The choice is yours

Today’s reading:  Joshua 16, Proverbs 16

Remember in April of 2016 when I told you I am an “accounting dork”, love using numbers to tell a story, and often can’t resist the urge to count and/or reconcile most everything?  As we started to read about how the Promised Land was divided among the tribes in Joshua 13 this week, I found myself with a familiar urge to reconcile.  In the book of Genesis we read about Jacob’s 12 sons, who became the 12 tribes amongst whom the Promised Land was divided in Joshua 13-19, who are the same 12 tribes cited in Revelation 7 where we read about the preservation of God’s people during the end times.  In theory these tribes should be the same in all three books, but they don’t reconcile exactly:

Genesis 29-30 Joshua 13-19 Revelation 7
Rueben Rueben Rueben
Simeon Simeon Simeon
Judah Judah Judah
Levi Manasseh Levi
Dan Dan Manasseh
Naphtali Naphtali Naphtali
Gad Gad Gad
Asher Asher Asher
Issachar Issachar Issachar
Zebulun Zebulun Zebulun
Joseph Ephraim Joseph
Benjamin Benjamin Benjamin

Hmm… We see inconsistencies with Levi, Joseph, Manasseh, Ephraim and Dan.  Are you curious as to why?  I certainly was, and went digging to see what I could figure out.  The three factors I think account for the inconsistency between Genesis and Joshua are:

  • In Genesis 49, Rueben, Jacob’s firstborn son, lost his birthright when he slept with his father’s concubine. Jacob gave the birthright to Joseph, firstborn of his second wife Rachel. Remember, a birthright is essentially a double portion of inheritance.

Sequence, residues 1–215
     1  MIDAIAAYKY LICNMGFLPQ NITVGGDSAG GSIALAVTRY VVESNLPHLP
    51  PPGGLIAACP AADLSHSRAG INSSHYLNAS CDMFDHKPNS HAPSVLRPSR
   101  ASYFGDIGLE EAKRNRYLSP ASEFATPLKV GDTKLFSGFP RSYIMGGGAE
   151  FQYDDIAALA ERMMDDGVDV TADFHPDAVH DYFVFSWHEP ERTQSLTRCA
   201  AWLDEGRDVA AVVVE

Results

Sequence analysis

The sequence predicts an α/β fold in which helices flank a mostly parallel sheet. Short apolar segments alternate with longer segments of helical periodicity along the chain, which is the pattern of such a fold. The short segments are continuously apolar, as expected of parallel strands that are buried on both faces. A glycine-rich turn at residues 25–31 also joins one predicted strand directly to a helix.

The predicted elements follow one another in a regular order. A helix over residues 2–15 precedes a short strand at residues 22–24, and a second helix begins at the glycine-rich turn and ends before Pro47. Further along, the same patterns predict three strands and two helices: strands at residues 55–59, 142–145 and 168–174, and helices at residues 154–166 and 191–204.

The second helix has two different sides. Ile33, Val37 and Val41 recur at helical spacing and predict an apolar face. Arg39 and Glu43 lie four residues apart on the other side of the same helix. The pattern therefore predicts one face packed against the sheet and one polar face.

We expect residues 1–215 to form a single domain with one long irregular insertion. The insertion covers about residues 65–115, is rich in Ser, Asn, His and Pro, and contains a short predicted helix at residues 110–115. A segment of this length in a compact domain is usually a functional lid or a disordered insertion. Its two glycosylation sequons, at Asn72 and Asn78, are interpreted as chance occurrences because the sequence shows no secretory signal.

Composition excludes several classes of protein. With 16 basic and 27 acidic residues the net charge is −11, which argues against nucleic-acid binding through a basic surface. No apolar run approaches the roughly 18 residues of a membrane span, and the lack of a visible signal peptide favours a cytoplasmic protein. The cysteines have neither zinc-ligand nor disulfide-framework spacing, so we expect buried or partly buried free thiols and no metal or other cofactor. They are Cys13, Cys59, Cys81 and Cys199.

• Jacob adopted Joseph’s sons Manasseh and Ephraim as his own sons in Genesis 48.
  • In Joshua 13:33, we also learned that no land was given to Levi, the tribe of priests. Here is how I reconciled the tribes in Genesis to Joshua:
12 Sons of Jacob in Genesis 29-30
+2 Add Joseph’s sons, Ephraim and Manasseh, who were adopted by Jacob (Genesis 48)
-1 Take away Joseph, as his double inheritance was accounted for by his sons
-1 Take away Levi, as this priestly tribe did not receive land (Joshua 13:33)

Reconciling the tribes in Joshua to the tribes named in Revelation was a little harder. Why were the tribes of Levi and Joseph added back?  Perhaps because land is no longer the “inheritance” of Christfollowers under the new covenant?  Perhaps just to reconcile back to 12?  I’m not totally sure.  I do, however, understand why the tribes of Dan and Ephraim were removed from the list of God’s people in Revelation 7.  It is because these tribes were worshipping idols (See Judges 18:30-31 and Hosea 4:17).  The Bible is clear, those who worship idols are not God’s people and should expect nothing but judgment from God. For this you know with certainty, that no immoral or impure person or covetous man, who is an idolater, has an inheritance in the kingdom of Christ and God (Ephesians 5:5).

Here is how I reconciled Joshua 13-19 to Revelation 7:

12 Tribes who were allocated land (Joshua 13-19)
+2 Add back Levi and Joseph
-2 Take away Dan and Ephraim (Judges 18:30-31, Hosea 4:17)

Now we know where everyone went, and we mostly understand why. So what?  What is the benefit of this exercise?  I believe it illustrates God’s incredible patience, and willingness to use imperfect people to accomplish his purposes.   It gets messy sometimes, but don’t be deceived. God will accomplish his purposes with or without us.  We can either choose to be part of his plan, or he’ll leave us behind and move on.

The Lord works out everything to its proper end—even the wicked for a day of disaster (Proverbs 16:4).